Homosexuality is a subject that we know a great deal more about today than ever. Though the debate rages in some corners about whether it is a choice or how one is created, we have scientific evidence that homosexual activity is present in over 1500 different species. It cannot be ignored as something occurring in the natural world. As far as human relations are concerned, every gay individual that I know makes the most passionate claim that he or she is truly born with the desires that they have for others of the same sex. It is simply as unnatural for them to desire someone of the opposite sex as it is for me to desire someone of my same gender.

When looking at the Bible, we also know that the subject of homosexuality is not mentioned in the Ten Commandments, nor is it found in the Summary of the Law. There is no prophet who makes mention of it, neither does Jesus make any mention of it in his teachings.

The term homosexuality itself did not exist in any of the manuscripts, which were used to form our English Bible; it was not even coined until the late nineteenth century. Historian John Boswell gives his conclusion on the matter from his groundbreaking study:

In spite of misleading English translations, which may imply the contrary, the word “homosexual” does not occur in the Bible; no extant text or manuscript, Hebrew, Greek, Syrian or Aramaic, contains such a word. In fact, none of these languages ever contained a word corresponding to the English “homosexual,” nor did any language have such a term before the late nineteenth century. (1)
It is only in recent translations that you will find the term at all. Since the Revised Standard Version in 1946, some translators have applied the term to biblical situations they assumed corresponded to the meaning of the word. There is no doubt, however, that you would not have found the word homosexuality in any Bible, in any language, prior to 1946. (2)

So, what is written in the Bible about homosexuality, and what can we make of it?

Scriptural texts

Traditionally, the texts to which people point when making any argument against homosexuality are found in only five places in the Bible. Those particular scriptures are:

Genesis 1-2 (The Creation Story); Genesis 19:1-9 (Sodom and Gomorrah); Leviticus 18:22 and 20:13 (The Holiness Code for the Jews newly entering Caanan); Romans 1:26-27 (Paul’s explanation of God’s wrath against sinful Humanity); and 1 Corinthians 6:9 and 1 Timothy 1-10 (Paul’s list of vices). (3)

Next time, I will begin to take each of these passages in turn and give my take on why I don’t believe we are to continue to subjugate homosexuals as inferior and second-class citizens. We must look at those who are yearning to truly be who they are meant to be and surround them with love, compassion and acceptance.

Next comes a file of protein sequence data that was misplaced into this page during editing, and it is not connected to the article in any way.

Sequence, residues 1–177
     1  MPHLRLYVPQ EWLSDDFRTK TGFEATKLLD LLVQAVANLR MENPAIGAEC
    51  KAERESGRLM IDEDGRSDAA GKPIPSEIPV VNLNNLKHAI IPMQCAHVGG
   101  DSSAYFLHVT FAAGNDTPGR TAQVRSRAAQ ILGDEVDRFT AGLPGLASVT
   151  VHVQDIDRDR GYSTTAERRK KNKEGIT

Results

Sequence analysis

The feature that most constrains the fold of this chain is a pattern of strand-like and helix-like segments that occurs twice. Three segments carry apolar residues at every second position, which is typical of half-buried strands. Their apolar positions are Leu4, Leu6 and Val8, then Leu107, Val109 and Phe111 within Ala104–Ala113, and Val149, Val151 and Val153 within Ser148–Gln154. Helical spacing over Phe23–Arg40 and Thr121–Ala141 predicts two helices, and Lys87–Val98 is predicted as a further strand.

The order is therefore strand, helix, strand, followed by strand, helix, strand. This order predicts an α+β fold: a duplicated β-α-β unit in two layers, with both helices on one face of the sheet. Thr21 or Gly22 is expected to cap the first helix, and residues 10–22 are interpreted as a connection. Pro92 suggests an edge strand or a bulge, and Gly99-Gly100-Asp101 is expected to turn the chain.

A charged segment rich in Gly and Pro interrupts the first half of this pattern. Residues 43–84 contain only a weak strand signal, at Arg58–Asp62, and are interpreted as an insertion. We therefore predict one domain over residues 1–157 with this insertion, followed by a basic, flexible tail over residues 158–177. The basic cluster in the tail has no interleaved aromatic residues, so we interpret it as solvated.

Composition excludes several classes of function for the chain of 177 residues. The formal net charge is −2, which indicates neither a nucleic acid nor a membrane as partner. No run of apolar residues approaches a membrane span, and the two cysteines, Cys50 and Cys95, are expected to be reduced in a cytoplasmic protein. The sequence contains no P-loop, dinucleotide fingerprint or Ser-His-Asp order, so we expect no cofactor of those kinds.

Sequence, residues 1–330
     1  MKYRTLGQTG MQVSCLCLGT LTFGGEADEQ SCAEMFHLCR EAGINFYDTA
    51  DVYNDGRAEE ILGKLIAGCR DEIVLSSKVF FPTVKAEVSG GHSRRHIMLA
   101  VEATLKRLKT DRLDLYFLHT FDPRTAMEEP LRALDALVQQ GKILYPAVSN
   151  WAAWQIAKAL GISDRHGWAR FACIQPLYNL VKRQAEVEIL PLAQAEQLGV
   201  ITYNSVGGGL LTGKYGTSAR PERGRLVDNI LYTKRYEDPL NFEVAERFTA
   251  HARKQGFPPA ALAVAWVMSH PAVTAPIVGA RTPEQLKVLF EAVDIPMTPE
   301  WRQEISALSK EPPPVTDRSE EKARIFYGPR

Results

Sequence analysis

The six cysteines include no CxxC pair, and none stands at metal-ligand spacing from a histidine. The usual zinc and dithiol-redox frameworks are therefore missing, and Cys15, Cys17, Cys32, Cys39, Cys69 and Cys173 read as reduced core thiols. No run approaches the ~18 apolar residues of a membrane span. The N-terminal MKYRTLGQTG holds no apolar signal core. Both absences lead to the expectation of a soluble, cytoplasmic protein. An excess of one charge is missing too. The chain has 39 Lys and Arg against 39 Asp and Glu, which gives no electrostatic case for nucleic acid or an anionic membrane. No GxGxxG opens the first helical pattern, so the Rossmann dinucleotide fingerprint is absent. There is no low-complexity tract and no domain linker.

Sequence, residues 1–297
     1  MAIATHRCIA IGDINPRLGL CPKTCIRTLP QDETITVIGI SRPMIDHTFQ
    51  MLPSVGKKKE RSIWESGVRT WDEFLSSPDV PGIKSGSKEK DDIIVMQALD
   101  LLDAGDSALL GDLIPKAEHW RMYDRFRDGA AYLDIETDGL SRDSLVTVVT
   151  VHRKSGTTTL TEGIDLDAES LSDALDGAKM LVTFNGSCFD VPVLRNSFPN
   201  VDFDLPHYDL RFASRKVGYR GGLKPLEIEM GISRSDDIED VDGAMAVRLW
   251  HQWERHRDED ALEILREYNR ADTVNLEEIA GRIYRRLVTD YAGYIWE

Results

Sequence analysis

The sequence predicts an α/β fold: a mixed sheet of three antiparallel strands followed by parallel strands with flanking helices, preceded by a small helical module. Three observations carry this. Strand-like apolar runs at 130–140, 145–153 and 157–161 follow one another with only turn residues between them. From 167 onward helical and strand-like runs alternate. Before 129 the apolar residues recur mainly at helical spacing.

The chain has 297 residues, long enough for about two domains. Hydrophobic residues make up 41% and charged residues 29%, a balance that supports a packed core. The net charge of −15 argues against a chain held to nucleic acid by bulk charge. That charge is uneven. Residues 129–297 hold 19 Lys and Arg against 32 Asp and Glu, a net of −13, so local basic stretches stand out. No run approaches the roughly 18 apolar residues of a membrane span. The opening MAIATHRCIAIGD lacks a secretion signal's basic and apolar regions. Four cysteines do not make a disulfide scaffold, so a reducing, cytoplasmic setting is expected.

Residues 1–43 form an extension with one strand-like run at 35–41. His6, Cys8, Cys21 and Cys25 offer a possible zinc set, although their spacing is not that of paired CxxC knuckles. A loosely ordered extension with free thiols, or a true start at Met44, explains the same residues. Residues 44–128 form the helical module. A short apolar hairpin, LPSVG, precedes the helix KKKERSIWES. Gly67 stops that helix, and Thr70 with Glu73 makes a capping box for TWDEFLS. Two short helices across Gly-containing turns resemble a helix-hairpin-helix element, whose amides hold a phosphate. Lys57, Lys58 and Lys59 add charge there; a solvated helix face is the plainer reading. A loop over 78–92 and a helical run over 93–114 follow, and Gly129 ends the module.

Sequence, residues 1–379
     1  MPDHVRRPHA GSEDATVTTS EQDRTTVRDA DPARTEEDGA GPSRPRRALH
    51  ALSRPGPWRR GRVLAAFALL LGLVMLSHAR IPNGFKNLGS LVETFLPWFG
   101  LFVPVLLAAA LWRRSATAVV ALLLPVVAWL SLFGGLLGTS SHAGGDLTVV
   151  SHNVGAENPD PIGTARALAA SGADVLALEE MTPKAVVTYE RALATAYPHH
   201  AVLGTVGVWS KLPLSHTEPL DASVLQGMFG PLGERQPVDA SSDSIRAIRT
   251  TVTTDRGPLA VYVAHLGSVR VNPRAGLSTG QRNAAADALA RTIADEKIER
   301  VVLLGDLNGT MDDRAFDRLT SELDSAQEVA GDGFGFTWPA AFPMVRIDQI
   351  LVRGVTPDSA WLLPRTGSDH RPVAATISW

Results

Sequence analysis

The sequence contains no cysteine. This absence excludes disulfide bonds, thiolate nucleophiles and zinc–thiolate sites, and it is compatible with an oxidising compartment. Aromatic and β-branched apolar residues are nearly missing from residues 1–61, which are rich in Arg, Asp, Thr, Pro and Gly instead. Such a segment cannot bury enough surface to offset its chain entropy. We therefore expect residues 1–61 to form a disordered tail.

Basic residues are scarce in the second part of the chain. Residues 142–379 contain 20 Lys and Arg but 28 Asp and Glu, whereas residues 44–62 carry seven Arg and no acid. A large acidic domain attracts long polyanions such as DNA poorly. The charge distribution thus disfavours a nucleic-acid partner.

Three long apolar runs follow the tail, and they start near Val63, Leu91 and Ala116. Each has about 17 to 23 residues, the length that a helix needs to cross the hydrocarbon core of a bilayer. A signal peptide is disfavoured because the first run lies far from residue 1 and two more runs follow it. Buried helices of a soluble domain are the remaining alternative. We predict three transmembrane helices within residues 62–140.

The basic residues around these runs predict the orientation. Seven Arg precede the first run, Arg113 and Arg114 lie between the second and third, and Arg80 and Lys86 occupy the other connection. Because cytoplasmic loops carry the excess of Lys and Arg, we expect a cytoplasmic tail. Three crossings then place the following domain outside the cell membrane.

Peace to you all!

(1) Christianity, Social Tolerance, and Homosexuality. John Boswell, 1980.

(2) The Moral Teaching Of Paul. Victor Paul Furnish, 1985.

(3) The Good Book. Peter Gomes 1996



ED1March 30, 2013

I have to say, I really do love Facebook; so many people with so many different views on things. On my page at least, there have been a number of wonderful exchanges and comments from various people in my life. I’m constantly reminded of how blessed I am to have such a diverse group of friends.

The controversy this past week, of course, has been the issue of Gay Marriage and whether or not it should be legalized. It may have come as a surprise to some of my friends on Facebook to learn that I am in complete and total support of marriage equality. The reason it may have done so is that I am a Christian.

Not all of my friends on Facebook are Christian, in fact, many are not. Those who are, however, inevitably fall into two camps on this issue: those who agree with me and those who do not. Those who disagree have remained loving and respectful toward me in their disagreement, simply asking me to explain my position further, if they’ve made any comments at all (many, I’m sure, have stayed silent or “un-friended” me). So, in order to have more space to elaborate and explain, I’ve chosen my Blog as a place to make my case for why I hold my position so strongly.

So as to not take up too much of your time on a single read, I’ve chosen to break this explanation down into a series of posts over the next few days. I want to be as thorough as I can be, and there’s just so much to cover.

A great deal of significant scholarship has been devoted to those Bible verses deemed definitive in determining the Bible’s (and thus, God’s) view of homosexuals and homosexuality. To those who have suggested that I am “picking and choosing” what I want the Bible to say in order to justify my position, I will not answer by asking, haven’t you done the same? Instead, I will take the scriptures in question and offer what I believe is a more accurate and informed reading; one that examines the context of the writings, the audiences to whom they were originally intended, the worldview of all concerned at the time, and, most importantly, one determined to be infused with love.

Let me pause to say this: I reject, entirely, the notion of, “Love the sinner, Hate the sin.” I find that sentiment to have been used many, many times over the years to justify the separation and subjugation of individuals and groups of people who, for one reason or another, have been deemed lesser. For me, God is love. Even the most conservative Christian would agree that God is described as being like a “refiner’s fire.”  Therefore, love, itself, is a refiner’s fire. That is to say, love burns away hate. Love is more powerful and overcomes all evil, leaving only love standing in the end. When hate is confronted by love, it cannot stay. Hate cannot exist where love continues to reside.

And so, I begin with love, and thus, I begin with God.

This does not mean that I espouse to know all the answers or that I am speaking for God. Never! It is impossible to fully know God at all, let alone speak on God’s behalf. How could anyone possibly speak on behalf of that which cannot even be named? As soon as one begins to speak of God, he is no longer speaking of God. God is too great to be comprehended in any complete respect. Therefore, I go to my “heart” where love abides, and wrestle, as Jacob did so many years ago, with what I believe God’s will to be.

I fully confess my inadequacy, and I may very well be wrong, but I am firmly committed to doing all I can to act in love as an ambassador of Christ, guided by the Holy Spirit.

So, in my next post, we go to the center of the controversy, the place where the debate over homosexuality itself is born: the Bible.

Have a truly blessed Easter!